"Every single lane looks like this," Caplice said. "It almost looks like a blood splatter."

Truckload transportation is simply not a pure commodity as is often thought, he added, with every shipper having different needs and requirements, while the market backdrop is also changing a lot through the year.

The bottom line: don't spend too much time, energy or money trying to identify a market rate for a lane when that just doesn't really exist. Benchmarks may provide some intelligence at times, but really should serve as just as one input into a complex equation as to what any given shipper should be paying.

Number 2: The Myth of Combinatorial Auctions: This was a hard one for Caplice - he had actually done his doctoral dissertation on the opportunities from this approach, and touted the potential through much of the first decade of this century.

What does this involve? The theory is that if carriers can bid simultaneously on a bundle of lanes, they can offer a lower total cost because of the resulting network and asset efficiencies a given bundle would generate for them.

The problem, Caplice said, is that while the benefits are there in theory, in practice the concept falls apart, for a variety of reasons.

First, few carriers actually submit such combination lane bids - less than 25% of carriers in fact to those shippers using this combo approach. Even those carriers which do submit combo bids usually do so for just a few lanes, or even just one combo. Second, 50% or so of the combo bids involve a simple out and back - to a destination and then back to origin. That is much more basic and simpler bundle than the combo method envisioned. While there were a few bids that involve multiple moves in a sort of tour that would end back at the origin and other more exotic moves, these were in fact very rare.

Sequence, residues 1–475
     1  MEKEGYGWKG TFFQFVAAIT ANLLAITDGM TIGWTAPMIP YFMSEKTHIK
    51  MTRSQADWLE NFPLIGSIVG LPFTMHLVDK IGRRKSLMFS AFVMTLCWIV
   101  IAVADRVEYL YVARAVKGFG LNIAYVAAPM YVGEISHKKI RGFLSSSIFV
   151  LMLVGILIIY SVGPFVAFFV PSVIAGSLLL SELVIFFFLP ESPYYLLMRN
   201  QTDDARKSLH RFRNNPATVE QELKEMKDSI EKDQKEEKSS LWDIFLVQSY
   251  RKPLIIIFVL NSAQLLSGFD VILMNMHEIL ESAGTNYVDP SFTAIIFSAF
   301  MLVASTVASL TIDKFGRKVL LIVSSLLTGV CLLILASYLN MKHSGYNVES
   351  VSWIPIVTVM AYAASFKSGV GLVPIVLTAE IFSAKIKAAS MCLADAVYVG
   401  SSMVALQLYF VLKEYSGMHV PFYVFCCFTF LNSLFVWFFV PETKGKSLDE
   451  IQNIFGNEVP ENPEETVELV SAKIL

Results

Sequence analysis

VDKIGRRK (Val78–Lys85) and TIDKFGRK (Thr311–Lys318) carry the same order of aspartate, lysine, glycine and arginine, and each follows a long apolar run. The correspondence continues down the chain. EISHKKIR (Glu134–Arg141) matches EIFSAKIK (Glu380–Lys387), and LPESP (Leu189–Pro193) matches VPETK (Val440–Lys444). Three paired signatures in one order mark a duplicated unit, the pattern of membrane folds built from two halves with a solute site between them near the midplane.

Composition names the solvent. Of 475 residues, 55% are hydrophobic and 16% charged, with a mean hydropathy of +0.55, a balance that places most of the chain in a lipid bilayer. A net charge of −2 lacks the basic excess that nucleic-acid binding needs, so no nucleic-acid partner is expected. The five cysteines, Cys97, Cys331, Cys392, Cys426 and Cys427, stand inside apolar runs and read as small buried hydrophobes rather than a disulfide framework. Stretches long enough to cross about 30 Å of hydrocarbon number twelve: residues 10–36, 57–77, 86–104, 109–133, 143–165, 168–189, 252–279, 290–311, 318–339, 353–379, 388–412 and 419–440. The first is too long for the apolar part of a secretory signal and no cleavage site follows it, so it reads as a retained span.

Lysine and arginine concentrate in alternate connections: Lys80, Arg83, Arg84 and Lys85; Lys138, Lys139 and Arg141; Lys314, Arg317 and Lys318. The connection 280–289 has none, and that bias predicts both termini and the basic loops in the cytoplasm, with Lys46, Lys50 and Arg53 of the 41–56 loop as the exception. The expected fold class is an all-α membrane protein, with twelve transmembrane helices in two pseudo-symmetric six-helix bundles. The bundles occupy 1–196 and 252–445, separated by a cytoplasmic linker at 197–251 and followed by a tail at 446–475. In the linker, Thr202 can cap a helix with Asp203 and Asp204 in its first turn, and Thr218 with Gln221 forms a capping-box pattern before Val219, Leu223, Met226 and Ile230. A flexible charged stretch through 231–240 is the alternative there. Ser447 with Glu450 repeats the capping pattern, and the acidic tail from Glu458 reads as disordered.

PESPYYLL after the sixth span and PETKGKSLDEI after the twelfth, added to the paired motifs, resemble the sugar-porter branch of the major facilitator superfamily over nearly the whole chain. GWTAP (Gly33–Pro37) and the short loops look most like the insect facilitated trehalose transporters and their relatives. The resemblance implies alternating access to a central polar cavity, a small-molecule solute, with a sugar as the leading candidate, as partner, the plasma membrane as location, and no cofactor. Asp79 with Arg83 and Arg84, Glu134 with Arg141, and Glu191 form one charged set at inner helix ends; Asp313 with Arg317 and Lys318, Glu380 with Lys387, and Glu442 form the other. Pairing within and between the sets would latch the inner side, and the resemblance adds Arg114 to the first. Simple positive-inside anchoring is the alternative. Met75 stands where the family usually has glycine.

Then there is the practicality of even these simple roundtrip moves. The carrier and shipper are betting that these out and backs will be there on a timely enough basis to make it work sometime in the future on a consistent basis. Anyone want to wager on that one? Now try making that work in even more complex combos. Not going to happen.

On top of all that, these combos are rarely even less costly than just bidding out individual lanes. Almost unbelievably, in the data set Caplice used, the combo bid was only less expensive that the individual lane bids from the same carrier 16% of the time. We can thus infer that carriers presenting combo bids rarely win them.

Logically enough then, in the rare cases when a carrier does win a combo bid, shippers rarely tender a set of loads in a way that matches that combination.

To be clear, there is value in doing carrier bid optimization using fancy tools at the lane level, but extending that to combo bids, as should now be clear. is unlikely to deliver any real value.

I will note as an aside that all this is also what is behind the great challenge shippers have in doing collaborative shipping with others, another concept that makes great sense in theory but is devilishly hard to get to work in practice.

Number 3: The Myth of Optimized Transportation Plans: Ok, this isn't so much a myth as a set of questions and observations, which I will summarize like this: Is it better to build in "robustness" into a supply chain and logistics function, to minimize the chances of disruptions, or to go to a leaner (and lower cost) model and be very good at reacting to problems when they arise? Planner versus responder.

What a great question, which is at the heart of risk management, isn't it? Yet, how many companies really analyze and quantify it along this dimension? So, as an easy example, you could build a large dedicated or private fleet that insulates you from most capacity type issues that at various times plague others using all common carriers, but likely at higher total cost.

MIT did a project for Walmart a few years ago trying to optimize that balance between robustness and cost, and Caplice implied many other shippers have similar opportunities. The "myth" aspect of this is that many shippers probably think they are getting this right today, without really having thought about it much at all.

MIT is working on models that will provide guidelines for shippers relative to managing this tradeoff - not sure when we will see it, but it looks like very interesting and valuable work.

I am out of space. Really good stuff from Caplice. The Transportunities show is still up on-demand, and you can watch Caplice's keynote here.